Are speakers the greatest loss of quality in music?

I suspect that if you took an mp3 file encoded at 64 kbps and one encoded at 256 kbps and played both through average speakers, the average person wouldn't be able to tell the difference. 

(In case you don't know what encoding and mp3 and kbps mean, basically an mp3 is a music format, encoding means to stick the music into the mp3, and the more kbps, the higher the quality of sound.  Why don't we encode everything at some insane kbps level, then?  More kbps makes the file bigger, so there's a tradeoff between file size and quality.)

Why is this important?  Because 64 kbps is absolutely AWFUL sound quality.  256 kbps is considered very high quality.  This means that even if we used high-quality encoding, etc. the average person couldn't hear it, because their speakers and computers can't recreate the sound accurately. 

This is significant because most people will go through their lives having not actually listened to the music, but simply having heard the tune.  While the tunes are great, there is another level of enjoyment one gets out of actually being able to hear the music.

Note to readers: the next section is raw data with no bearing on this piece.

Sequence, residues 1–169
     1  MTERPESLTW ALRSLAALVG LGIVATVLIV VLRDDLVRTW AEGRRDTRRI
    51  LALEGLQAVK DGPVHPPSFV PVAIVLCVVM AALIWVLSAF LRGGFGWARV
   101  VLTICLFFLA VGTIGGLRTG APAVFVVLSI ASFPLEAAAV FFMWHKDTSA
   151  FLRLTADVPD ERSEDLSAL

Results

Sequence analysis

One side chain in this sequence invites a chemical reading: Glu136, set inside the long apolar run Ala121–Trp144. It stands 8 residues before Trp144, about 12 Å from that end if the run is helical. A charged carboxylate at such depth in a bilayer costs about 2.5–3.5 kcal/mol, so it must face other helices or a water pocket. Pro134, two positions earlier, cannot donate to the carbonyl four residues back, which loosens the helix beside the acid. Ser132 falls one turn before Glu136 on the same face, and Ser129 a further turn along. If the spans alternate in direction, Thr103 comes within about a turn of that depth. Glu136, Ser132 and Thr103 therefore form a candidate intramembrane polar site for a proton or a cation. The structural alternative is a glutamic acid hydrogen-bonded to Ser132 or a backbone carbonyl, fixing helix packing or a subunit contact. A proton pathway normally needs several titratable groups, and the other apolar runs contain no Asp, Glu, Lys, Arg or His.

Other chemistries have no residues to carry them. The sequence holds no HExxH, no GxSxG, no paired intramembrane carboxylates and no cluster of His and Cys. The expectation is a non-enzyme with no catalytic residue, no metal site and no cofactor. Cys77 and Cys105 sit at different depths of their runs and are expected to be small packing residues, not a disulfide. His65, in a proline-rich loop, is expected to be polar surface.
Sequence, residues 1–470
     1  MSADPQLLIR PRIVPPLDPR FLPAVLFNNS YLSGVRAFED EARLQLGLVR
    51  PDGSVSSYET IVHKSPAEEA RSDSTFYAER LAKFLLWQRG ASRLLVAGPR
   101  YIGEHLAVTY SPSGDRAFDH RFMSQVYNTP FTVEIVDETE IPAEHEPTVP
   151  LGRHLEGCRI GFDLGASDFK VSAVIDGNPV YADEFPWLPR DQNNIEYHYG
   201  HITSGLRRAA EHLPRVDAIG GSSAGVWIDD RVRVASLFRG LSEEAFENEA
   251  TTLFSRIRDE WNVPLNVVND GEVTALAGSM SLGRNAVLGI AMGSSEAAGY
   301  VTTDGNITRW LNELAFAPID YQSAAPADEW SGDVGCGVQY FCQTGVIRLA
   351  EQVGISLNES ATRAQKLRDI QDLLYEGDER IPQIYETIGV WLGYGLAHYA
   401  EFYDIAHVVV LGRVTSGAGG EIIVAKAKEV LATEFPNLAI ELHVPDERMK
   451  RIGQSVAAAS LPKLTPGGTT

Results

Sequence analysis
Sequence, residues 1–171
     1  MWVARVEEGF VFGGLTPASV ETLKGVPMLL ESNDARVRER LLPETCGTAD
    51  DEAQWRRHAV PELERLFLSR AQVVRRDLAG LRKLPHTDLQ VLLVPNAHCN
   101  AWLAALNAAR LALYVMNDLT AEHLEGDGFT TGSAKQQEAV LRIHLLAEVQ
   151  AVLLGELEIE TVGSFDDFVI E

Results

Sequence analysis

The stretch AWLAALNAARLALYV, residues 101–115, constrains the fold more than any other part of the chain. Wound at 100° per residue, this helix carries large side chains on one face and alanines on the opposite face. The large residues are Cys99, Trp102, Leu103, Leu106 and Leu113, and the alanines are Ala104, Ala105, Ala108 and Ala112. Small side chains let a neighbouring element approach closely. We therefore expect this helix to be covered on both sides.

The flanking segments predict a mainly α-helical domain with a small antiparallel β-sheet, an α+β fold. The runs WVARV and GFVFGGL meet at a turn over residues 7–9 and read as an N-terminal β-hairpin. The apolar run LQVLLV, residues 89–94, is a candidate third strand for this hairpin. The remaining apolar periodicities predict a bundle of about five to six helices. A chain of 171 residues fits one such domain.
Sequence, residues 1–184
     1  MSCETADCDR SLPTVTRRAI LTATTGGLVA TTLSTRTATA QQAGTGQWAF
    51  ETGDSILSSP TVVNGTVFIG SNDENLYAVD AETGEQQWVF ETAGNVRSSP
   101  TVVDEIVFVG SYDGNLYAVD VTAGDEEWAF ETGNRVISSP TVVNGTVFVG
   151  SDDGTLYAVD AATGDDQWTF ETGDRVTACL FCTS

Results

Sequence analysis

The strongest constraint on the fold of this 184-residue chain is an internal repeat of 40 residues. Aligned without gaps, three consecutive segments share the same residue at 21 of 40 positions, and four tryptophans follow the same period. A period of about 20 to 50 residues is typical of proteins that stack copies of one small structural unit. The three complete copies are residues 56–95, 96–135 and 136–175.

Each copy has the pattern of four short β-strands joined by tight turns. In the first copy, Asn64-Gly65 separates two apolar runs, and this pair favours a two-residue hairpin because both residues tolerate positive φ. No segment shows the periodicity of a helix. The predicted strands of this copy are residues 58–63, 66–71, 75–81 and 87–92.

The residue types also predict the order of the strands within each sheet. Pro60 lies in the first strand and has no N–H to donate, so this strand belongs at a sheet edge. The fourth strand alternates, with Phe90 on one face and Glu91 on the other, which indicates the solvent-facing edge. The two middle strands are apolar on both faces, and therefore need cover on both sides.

It's also significant because most people encode their mp3's at 192 kbps, whereas they could halve that and not hear the difference. 

Finally, many people not only have junk speakers, but they also listen to their music very loud.  This actually distorts the sound as the speakers are driven past full excursion (that is, the cones try to move farther than they physically can).  This distortion is not always bad; many guitarists and bassists use this phenomenon to make their 'signature' sound.  It's bad in this case, though, because the music was recorded, produced, and mastered to sound good without distortion. 

You can read about my experience with this phenomenon here.

So what do I recommend you do?  Go buy a pair of AKG K44 headphones.  With these, you'll actually be able to hear the differences between your iPod and your computer. 

If you've got a little more money to burn =] buy yourself a Behringer UCA202, a nice small amp (or do what I did, and get a small soundboard.  You can get them from Behringer for ~$30), and hunt around on Craigslist for a set of nice speakers (like Pioneer CS-G403's).  With this setup you'll actually be able to hear amazing things in the music.  In fact, they're so good I don't recommend you try to get anything else done while listening to them.  You'll find yourself stopping to listen to the music.  And you'll actually hear ALL the music.

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